Correct understanding of the prophecy depends on correct Hermeneutics, or what rules of interpretation one uses. We are Historicist, a.k.a. the Historical Protestant Interpretation. Most of the post-modern churches teachings that one hears or reads today are from the Futurists. If one is familiar with there teachings one will notice a significant differences in interpretation; especially with symbolism and when events are to occur. See Also: Hermeneutics, for full definitions and explanations of these schools of interpretations.
The Futurist interpretation believes that the prophecy in Matthew 24 is about our time, and our government. We take a more narrative approach to this passage. We will champion a more reasonable historical grammatical reading. We do not find a seven years tribulation, political antichrist, or rapture here. These events/people are not in the actual passage in question.
Although Futurists claim to “interpret the Bible literally,” they abandon this ultra-literal interpretation when it comes to this passage and many others. They ignore that the passage starts with a question about the very Temple in view of Jesus and His disciples.
And as he came out of the temple, one of his disciples said to him, “Look, Teacher, what wonderful stones and what wonderful buildings!” And Jesus said to him, “Do you see these great buildings? There will not be left here one stone upon another, that will not be thrown down.” Mark 13:1-2
Instead they seek to rebuild a new temple to fulfill this prophecy. That causes their interpretation of the 1st century Temple that Jesus was referring to, symbolic or figurative, not literal. That is not physically possible.
Four points need to be considered:
- The immediate context of this discourse is about the Temple in Jesus and the disciples immediate view
- Applying the hermeneutical principle that the next event the prophecy describes, most likely fulfills the prophecy
- An understanding of what “Daniel the prophet spoke of” [Dan 9:27]
- Mark and Luke’s parallel passages concerning armies surrounding Jerusalem [Mk 13; Lk 17:22-27; 21:5-38]
Jesus was not a Christian. He was a first century Judean rabbi whose name in Hebrew is Yeshua. He would have been considered to be closest in theology to the faction of the Pharisees but, at times he sided with the Sadducees.
The Pharisees believed and taught both the Torah, i.e. the First Five Books of the Bible, and the Oral Law, i.e. the Talmud. They maintained a firm belief in a resurrection and afterlife. They thought, and still teach, that the coming of Messiah would/will bring world peace.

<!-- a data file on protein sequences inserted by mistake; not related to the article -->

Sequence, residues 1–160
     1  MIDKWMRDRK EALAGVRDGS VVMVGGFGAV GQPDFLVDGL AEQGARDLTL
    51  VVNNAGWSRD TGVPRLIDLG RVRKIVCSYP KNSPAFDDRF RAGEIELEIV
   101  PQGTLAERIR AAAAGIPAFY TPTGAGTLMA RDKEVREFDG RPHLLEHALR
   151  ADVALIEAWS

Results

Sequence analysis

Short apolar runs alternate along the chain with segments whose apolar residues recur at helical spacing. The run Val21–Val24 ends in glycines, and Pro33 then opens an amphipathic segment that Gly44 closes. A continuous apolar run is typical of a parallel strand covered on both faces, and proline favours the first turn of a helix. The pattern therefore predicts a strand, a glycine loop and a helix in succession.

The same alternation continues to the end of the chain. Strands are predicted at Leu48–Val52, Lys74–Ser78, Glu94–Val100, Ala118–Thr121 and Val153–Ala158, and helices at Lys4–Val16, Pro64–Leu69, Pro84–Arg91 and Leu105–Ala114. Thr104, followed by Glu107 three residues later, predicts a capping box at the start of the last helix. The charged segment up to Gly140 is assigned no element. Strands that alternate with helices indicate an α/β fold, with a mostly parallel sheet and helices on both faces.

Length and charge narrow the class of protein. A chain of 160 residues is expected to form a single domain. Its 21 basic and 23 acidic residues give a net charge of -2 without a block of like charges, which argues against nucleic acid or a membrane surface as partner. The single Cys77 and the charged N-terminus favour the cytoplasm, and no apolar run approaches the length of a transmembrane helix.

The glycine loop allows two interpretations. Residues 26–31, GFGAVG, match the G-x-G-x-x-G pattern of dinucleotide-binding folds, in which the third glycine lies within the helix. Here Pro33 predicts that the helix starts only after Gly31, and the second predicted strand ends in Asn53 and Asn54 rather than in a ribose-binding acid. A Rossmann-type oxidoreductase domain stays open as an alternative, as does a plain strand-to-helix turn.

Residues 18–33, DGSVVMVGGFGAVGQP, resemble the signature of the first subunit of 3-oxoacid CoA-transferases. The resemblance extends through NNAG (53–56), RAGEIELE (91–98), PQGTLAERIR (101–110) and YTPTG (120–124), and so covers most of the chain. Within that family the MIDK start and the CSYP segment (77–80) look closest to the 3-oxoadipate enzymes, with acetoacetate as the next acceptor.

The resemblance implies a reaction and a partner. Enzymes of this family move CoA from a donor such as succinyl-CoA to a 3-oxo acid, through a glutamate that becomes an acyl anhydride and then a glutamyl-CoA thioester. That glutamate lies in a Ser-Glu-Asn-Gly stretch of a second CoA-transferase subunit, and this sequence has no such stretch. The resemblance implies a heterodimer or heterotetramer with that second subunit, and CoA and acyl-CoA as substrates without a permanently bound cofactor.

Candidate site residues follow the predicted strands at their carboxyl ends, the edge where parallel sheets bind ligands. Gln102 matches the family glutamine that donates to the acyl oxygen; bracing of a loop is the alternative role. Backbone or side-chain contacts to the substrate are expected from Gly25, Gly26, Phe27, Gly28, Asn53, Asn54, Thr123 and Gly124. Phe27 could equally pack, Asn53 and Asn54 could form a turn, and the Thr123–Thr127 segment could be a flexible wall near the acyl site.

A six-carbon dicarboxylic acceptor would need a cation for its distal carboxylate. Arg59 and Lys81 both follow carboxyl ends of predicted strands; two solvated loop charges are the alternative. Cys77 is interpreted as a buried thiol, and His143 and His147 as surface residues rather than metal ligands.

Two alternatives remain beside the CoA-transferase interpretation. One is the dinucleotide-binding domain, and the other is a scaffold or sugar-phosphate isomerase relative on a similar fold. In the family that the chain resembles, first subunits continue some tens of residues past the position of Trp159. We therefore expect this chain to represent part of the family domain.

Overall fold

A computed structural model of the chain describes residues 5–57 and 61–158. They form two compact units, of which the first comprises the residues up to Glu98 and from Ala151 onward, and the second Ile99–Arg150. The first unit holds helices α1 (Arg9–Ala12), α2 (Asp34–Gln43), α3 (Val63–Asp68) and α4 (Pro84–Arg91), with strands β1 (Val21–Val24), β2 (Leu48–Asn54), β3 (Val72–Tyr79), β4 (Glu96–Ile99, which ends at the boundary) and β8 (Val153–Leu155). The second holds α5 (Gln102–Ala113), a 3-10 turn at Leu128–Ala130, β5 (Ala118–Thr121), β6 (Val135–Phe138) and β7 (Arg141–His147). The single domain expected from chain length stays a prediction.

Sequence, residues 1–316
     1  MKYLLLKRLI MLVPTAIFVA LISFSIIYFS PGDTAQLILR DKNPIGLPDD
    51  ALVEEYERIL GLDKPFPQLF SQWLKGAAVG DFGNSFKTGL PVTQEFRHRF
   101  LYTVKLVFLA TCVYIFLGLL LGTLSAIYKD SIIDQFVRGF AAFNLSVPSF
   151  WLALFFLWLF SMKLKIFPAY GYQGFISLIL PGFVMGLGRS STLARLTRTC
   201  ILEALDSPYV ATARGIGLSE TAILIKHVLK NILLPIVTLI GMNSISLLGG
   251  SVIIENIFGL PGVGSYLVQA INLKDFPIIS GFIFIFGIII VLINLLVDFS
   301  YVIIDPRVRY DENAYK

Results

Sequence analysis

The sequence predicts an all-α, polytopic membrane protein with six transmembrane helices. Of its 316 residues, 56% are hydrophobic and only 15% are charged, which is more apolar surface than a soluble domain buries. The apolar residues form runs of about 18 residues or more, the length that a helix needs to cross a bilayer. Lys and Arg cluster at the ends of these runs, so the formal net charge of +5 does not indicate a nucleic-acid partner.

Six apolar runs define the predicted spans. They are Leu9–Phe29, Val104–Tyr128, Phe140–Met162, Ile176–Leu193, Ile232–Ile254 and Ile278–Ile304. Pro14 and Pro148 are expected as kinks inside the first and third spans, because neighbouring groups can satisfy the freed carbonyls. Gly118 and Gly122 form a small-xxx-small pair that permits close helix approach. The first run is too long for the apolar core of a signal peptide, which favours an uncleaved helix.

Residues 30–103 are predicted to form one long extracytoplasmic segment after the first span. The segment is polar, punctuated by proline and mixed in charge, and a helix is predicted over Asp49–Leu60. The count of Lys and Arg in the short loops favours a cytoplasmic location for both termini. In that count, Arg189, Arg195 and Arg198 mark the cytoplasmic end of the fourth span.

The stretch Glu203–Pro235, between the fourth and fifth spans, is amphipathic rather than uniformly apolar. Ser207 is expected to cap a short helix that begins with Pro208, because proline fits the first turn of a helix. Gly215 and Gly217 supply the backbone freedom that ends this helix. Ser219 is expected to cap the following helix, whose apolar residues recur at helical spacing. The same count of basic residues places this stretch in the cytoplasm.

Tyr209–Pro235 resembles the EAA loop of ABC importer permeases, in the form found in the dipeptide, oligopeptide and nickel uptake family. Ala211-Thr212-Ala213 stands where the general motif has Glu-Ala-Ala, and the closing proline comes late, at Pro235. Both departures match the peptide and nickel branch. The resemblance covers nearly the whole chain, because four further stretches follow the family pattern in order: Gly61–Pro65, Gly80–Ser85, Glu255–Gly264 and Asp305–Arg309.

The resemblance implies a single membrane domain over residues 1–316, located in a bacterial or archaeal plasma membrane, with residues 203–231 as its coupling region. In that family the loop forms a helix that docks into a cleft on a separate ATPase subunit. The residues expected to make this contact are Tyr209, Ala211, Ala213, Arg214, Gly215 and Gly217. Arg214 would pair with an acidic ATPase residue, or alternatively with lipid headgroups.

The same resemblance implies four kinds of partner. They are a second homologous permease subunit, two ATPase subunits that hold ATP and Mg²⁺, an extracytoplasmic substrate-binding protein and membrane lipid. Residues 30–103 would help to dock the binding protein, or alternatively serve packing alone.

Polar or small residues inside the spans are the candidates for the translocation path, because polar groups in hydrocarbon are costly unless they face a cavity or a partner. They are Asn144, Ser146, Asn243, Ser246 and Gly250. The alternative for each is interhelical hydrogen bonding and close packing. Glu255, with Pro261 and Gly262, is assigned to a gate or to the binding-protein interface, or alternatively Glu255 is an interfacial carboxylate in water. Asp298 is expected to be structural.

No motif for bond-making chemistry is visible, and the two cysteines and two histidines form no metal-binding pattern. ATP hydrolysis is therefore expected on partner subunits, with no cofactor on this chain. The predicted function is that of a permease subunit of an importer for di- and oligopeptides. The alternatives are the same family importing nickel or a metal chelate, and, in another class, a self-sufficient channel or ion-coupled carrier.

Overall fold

Sadducees are more difficult to understand, as they ceased to exist as a faction after the destruction of the Temple in 70 AD. Only minute amounts of their writings can be found, as the Pharisees did not preserve the Book of the Sadducees. What we know of their beliefs was that they rejected the Talmud and insisted that the Torah be read literally. They also rejected a resurrection and an afterlife, as they did not see that they are mentioned in the Torah. The Sadducees were the priestly class and were responsible for the administration of the Temple; and their chief concern was that the rituals of the Temple be observed properly. They were also willing to compromise with the Hellenist in the adoption of Greek culture of dress and eating habits.
FYI: A fact often lost to many Church goers is that the religion known as Judaism is not the temple worship of the Bible. Christianity is in fact older than Judaism. Judaism is a completely different religion than the what went on in the temple with its ritual sacrifices and washings. It was developed in 2nd century Palestine, after the failure of the Jewish Bar Kochba rebellion against Rome in 137 AD. When they failed to regain the temple they needed something to hold the people together. So a system of prayers and reedings was created to replace the rituals.
The actual Discourse is in four different passages [Matthew 24, Mark 13, and Luke 17:22-37, 21:5-37]. Each of these versions are slightly different. This is a clear indication that the sermon was given on more than one occasion. The four passages offer cross-referencing of Jewish phraseology that aid immensely in the interpretation of the events. It is essential to read all four passages to fully study what Messiah was communicating to those standing before Him.
Next Week: The Triumphal Entry